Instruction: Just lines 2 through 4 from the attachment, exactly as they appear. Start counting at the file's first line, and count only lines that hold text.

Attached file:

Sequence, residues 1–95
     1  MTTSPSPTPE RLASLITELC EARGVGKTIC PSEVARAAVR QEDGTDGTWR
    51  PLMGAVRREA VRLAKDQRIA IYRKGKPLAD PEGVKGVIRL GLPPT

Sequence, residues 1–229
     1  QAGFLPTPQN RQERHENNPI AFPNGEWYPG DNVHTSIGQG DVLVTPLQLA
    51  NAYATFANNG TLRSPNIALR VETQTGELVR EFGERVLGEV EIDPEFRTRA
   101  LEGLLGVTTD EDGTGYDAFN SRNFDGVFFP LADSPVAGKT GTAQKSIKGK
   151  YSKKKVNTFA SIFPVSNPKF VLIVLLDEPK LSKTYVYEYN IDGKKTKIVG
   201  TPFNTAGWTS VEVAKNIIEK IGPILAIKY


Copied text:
     1  MTTSPSPTPE RLASLITELC EARGVGKTIC PSEVARAAVR QEDGTDGTWR
    51  PLMGAVRREA VRLAKDQRIA IYRKGKPLAD PEGVKGVIRL GLPPT

Sequence, residues 1–229